Last semester, my university put on a production of Tom Stoppard’s play Rosencrantz and Guildenstern Are Dead that got me thinking about the likelihood of flipping a lot of heads in a row. I wrote about it on my other blog, Roots of Unity.
Around the time I saw the play, I read two blog posts about long runs of heads. Ben Orlin of Math with Bad Drawings wrote about The Swindler’s Coin. It is an imaginary dialogue between a teacher and student in which the teacher, who tells the student that he is flipping a fair coin, gets 30 heads in a row. The student, who believed that the coin was fair, finally accuses the teacher of using a swindler’s coin, and the teacher admits it. The post points out the naiveté with which we often teach probability.
“Some probability texts ask a similar question: ’If a fair coin is tossed 50 times, and comes up heads each time, what is the probability that it comes up heads on the 51st toss?’ The ‘correct’ answer is ½. A fair coin always has a probability ½ of coming up heads, because that’s how we define ‘fair.’
“But guess what? If a coin comes up heads 50 times in a row—a 1-in-a-quadrillion event—then that ain’t no fair coin. The question could be paraphrased: ‘If I tell you a coin is fair, and then overwhelming evidence accumulates to the contrary, would you still believe me?’ And the ‘correct’ answer would be: ‘Yes, because I never reconsider my assumptions.’”
“The other day I heard someone say something like the following:
“‘I can’t believe how people don’t understand probability. They don’t realize that if a coin comes up heads 20 times, on the next flip there’s still a 50-50 chance of it coming up tails.’
“But if I saw a coin come up heads 20 times, I’d suspect it would come up heads the next time.
“There are two levels of uncertainty here. If the probability of a coin coming up heads is θ = 1/2 and the tosses are independent, then yes, the probability of a head is 1/2 each time, regardless of how many heads have shown before. The parameter θ models our uncertainty regarding which side will show after a toss of the coin. That’s the first level of uncertainty.
“But what about our uncertainty in the value of θ? Twenty flips showing the same side up should cause us to question whether θ really is 1/2. Maybe it’s a biased coin and θ is greater than 1/2. Or maybe it really is a fair coin and we’ve just seen a one-in-a-million event. (Such events do happen, but only one in a million times.) Our uncertainty regarding the value of θ is a second level of uncertainty.”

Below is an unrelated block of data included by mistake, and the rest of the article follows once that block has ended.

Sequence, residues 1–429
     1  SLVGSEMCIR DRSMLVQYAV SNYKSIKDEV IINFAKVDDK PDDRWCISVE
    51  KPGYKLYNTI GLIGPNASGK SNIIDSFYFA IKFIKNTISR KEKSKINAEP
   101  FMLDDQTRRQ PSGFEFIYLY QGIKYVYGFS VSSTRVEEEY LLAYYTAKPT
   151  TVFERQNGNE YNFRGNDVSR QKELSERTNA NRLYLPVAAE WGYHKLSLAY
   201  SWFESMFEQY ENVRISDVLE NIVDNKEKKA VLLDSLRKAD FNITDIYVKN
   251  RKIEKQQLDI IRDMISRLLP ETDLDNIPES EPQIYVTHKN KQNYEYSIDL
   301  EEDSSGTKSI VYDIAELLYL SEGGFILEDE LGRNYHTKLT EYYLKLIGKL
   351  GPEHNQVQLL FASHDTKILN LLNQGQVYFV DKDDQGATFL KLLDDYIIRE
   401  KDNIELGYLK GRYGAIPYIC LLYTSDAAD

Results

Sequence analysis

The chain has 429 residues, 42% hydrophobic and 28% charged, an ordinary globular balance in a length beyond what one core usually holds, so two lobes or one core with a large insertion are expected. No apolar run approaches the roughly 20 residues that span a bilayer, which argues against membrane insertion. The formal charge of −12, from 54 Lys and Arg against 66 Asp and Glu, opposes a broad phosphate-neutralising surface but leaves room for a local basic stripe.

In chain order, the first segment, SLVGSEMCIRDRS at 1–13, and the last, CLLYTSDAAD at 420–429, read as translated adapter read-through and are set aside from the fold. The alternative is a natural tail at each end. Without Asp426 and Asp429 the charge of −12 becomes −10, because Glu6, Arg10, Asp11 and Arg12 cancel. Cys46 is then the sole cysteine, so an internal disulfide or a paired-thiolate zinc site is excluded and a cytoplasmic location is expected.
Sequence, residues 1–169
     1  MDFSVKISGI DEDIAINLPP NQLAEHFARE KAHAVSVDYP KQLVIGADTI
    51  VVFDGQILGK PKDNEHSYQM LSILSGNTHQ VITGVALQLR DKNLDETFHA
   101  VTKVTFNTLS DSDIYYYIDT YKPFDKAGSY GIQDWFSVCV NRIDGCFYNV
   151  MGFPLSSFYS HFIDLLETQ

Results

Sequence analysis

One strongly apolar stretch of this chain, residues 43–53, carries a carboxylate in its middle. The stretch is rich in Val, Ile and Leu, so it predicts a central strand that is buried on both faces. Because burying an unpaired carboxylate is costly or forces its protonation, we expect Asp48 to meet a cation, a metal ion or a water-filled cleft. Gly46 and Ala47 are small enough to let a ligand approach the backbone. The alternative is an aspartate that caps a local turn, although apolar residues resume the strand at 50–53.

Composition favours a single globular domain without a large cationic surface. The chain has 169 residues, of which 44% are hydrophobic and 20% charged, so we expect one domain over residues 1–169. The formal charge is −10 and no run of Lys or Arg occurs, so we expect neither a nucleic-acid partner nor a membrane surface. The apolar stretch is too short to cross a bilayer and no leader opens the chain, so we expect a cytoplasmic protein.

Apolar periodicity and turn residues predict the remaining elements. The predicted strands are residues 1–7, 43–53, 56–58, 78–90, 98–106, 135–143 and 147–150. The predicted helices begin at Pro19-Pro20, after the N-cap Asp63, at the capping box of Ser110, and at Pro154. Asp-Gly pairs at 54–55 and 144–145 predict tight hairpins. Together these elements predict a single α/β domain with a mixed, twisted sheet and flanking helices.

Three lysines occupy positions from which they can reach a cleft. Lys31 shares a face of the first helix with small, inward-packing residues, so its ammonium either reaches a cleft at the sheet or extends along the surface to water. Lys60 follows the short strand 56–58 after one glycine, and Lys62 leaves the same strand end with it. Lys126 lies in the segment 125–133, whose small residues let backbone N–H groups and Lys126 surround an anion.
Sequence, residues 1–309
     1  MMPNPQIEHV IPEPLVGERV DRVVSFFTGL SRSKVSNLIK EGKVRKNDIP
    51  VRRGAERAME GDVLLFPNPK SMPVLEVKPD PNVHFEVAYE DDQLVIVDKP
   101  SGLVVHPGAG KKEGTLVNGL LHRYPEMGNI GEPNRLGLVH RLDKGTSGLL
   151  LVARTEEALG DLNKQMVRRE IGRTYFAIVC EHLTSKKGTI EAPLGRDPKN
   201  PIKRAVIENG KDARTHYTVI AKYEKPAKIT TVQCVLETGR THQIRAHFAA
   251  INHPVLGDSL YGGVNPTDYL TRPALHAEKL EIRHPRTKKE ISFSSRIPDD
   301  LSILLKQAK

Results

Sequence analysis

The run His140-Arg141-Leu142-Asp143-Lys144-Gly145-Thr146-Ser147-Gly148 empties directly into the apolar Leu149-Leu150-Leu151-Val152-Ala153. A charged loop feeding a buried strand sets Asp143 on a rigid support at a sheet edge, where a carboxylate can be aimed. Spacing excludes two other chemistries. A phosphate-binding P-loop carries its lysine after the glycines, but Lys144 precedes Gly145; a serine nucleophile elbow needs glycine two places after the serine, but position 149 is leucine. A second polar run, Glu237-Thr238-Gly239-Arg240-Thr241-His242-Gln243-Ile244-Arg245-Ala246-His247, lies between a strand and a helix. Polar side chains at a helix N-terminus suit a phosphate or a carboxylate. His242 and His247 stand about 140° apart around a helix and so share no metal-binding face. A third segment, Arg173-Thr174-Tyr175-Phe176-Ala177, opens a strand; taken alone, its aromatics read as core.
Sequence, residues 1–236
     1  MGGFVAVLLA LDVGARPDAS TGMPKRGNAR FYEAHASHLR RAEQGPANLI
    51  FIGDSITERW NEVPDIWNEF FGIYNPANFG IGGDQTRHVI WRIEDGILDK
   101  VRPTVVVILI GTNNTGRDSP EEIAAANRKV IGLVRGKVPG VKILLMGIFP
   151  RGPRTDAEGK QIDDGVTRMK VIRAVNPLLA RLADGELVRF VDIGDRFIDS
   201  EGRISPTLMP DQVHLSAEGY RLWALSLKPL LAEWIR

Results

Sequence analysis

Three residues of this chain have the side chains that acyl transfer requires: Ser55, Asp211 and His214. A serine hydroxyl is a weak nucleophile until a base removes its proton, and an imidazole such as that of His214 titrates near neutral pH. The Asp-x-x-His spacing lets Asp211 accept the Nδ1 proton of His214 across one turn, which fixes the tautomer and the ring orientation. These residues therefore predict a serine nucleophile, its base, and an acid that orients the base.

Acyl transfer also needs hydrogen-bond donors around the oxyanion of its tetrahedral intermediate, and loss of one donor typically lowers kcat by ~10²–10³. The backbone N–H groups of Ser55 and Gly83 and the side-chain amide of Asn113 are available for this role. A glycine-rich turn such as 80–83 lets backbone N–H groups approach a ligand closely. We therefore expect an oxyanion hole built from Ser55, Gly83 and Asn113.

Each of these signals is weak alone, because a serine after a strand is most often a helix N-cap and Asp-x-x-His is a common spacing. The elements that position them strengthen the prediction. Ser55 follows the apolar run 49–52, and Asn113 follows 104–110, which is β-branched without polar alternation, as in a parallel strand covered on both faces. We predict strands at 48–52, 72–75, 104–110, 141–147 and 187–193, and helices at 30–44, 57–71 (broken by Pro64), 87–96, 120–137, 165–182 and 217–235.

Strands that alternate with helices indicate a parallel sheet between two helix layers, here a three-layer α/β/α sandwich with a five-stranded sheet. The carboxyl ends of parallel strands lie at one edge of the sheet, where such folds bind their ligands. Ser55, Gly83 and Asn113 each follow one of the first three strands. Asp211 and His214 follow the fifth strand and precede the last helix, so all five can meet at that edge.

In Rosencrantz and Guildenstern Are Dead, the title characters flip heads more than 90 times in a row. I think Ben Orlin, John Cook, and I can all agree that they should probably take a second look at those coins!
Whenever I think about long runs of heads or tails, I remind myself that any individual string of n flips is exactly as likely (or unlikely) as any other individual one (if the coins are truly just as likely to come up heads as tails). But if someone says she flipped either 10 heads in a row or HTHHTTTTHT, you’re going to say the second one is more likely. Shecky Riemann wrote a post about a similar idea with rolls of a die. One interesting side note is that while any two individual strings of the same length are equally likely, true randomness looks different from human attempts at randomness. Justin Lanier mentioned this in a post on Math Munch, and Jim’s Random Notes fleshes this idea out a bit.
“Not only are people terrible at perceiving randomness, they’re also terrible at generating randomness. Asked to flip a coin 100 times and write down the results, many college students will ‘cheat’ and forego flipping the coin. They’ll just write down what they think is a random sequence. It’s usually easy to catch them because the idea of run of four or five tails just seems ‘not random.’ But getting five heads or five tails in a row is very common given 100 flips of a fair coin.”
He wrote a program to figure out how common different length runs are if you flip a coin 100 times. “If you play with the program a bit, you’ll find that runs of six tails happen more than half the time, runs of seven happen about a third of the time, and you’re twice as likely to get a run of 10 than not get a run of four.” I was definitely surprised about that!
Finally, Ask a Mathematician/Ask a Physicist explores whether “If you flip a coin forever, are you guaranteed to eventually flip an equal number of heads and tails?” The physicist takes a probabilistic look at the question and concludes that the answer is yes, but I would argue that with a literal interpretation of the question, the answer is no. I can easily invent infinite series of +1′s and -1′s such that no partial sum is 0.